by Maryanne Nugent, Director of Marketing & Family Support, AHSS
Five and a half years ago, I was fortunate to happen upon the founder of Autism Home Support Services, Steve Kaufman. I was impressed by his idea for the company, wished it had been around when my son was little, and wondered if he would hire me – I needed a job! When he did hire me, some of my family was concerned that I was going to work in the field of Autism. Didn’t I get enough of it at home with my son? I’d been volunteering in the field for years; would it be too much? I suppose they wanted to know “Why do I do what I do?”
When I took the job as a Family Support Coordinator, I hoped it would be a way for me to “pay back” all of those who had supported me during the early years after Drew’s diagnosis. My responsibility as a Coordinator was to help families through the intake process, verify their insurance coverage, gather documentation, and match them with a therapist. However, I think the most value I brought to the families that I touched (over 100!) was to simply listen.
So often, parents were desperate to speak to someone who actually understood what they were going through. Many of these parents didn’t have anyone who knew Autism; many didn’t even tell friends and family about their own child’s diagnosis. So of course, they wanted to know about my son and his story and I willingly shared all that I could.
- Is he talking?
- Does he go to regular school?
- Does he have friends?
- Do you have other children?
- Do they have autism?
They wanted what we all do – a glimpse into a possible future for their child. They wanted hope.
And as the saying goes, when you meet one child with Autism, you’ve met one child – every family was different. These children struggled with a variety of issues: eating, flapping, spinning, sleeping, biting, aggression, toileting, and on and on and on. Some children were mildly affected and some very severe but their families were desperate to get them help.
There is one family that I’ll never forget. I met this family in my first year at AHSS. Their beautiful little boy, age 6, was mildly verbal and struggled with repetitive behaviors as well as severe tantrums. He was particularly obsessed with “triangle pizza”. The BCBA and I spent about 2 hours in their home and the little guy must have asked for it 100 times. After our assessment visit ended it was about 8:30 in the evening and the little boy kept asking his father again and again for triangle pizza. He was becoming more and more agitated and Dad felt that he was about to explode.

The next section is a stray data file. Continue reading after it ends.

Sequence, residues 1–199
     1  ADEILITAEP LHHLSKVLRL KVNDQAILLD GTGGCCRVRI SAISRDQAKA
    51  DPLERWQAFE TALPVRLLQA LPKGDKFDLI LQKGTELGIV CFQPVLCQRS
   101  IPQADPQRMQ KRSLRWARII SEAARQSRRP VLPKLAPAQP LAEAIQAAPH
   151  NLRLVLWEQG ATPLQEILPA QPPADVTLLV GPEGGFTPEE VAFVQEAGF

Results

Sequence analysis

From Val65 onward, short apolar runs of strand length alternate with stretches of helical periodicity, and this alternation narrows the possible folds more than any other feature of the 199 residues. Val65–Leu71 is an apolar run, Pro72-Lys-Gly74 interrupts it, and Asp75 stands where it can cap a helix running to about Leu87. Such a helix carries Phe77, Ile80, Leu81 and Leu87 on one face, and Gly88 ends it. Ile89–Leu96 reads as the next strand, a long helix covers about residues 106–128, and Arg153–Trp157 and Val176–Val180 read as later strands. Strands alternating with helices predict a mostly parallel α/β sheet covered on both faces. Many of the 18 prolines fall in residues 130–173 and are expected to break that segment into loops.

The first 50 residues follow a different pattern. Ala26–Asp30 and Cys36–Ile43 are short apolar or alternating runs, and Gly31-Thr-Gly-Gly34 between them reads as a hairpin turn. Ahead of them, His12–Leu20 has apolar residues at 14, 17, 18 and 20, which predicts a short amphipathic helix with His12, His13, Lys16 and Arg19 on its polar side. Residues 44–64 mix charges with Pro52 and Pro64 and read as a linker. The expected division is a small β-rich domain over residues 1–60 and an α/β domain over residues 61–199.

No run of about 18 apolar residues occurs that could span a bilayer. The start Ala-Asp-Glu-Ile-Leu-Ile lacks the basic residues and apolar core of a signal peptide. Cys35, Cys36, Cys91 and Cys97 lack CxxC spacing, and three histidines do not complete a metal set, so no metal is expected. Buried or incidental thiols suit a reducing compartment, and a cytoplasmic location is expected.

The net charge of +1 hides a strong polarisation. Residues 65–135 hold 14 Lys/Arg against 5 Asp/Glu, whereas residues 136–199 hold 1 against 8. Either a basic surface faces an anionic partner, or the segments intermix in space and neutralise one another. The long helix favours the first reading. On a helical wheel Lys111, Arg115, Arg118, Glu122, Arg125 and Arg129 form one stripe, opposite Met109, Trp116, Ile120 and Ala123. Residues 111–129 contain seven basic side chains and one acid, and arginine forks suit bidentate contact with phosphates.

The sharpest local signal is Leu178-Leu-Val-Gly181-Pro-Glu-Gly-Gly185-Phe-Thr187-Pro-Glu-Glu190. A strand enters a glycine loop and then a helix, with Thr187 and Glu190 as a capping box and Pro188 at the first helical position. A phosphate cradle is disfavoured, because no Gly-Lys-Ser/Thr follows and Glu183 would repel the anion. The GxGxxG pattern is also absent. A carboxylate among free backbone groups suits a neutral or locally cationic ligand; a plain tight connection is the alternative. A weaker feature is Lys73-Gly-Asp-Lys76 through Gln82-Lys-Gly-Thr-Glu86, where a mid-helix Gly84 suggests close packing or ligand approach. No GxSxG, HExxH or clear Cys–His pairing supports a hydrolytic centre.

I asked Dad about the pizza and he explained it was Pizza Hut pizza, (they cut them in triangles). Unfortunately, Pizza Hut didn’t deliver and so dad was going to pack the little guy in the car (it was January) to go get the pizza. When I asked Dad where the closest Pizza Hut was, he explained that they were actually driving to one about an hour away because they had a drive-thru. His son’s temper tantrums were so severe and Dad was too scared and embarrassed to take him into a restaurant, even for a few short minutes to pick up a pizza. He explained that they are often so exhausted from his persistence about the pizza that they sometimes make this drive 3-4 times per week!
I knew that our therapy teams could reduce the child’s behaviors, increase his communication, and get him to a point where he could walk into a restaurant to pick up a pizza – or even stay and eat one!
However, my big WWDWWD realization was that:
- I wanted to see progress in this boy so that his dad, tired from a long day of work, didn’t have to drive over an hour to avoid a tantrum.
- I wanted the lives of parents of children with Autism to be a little easier.
- I wanted to help kids sleep in their own beds so that mom and dad could get a good night’s sleep.
- I wanted to see a child participate in a family birthday party so that mom and dad didn’t have to miss it as well.
It’s these little things in our lives that can give us hope.
I am so lucky that over 5 years at Autism Home Support Services, I have seen many, many of these small victories for children and most especially their parents. That’s why I do what I do.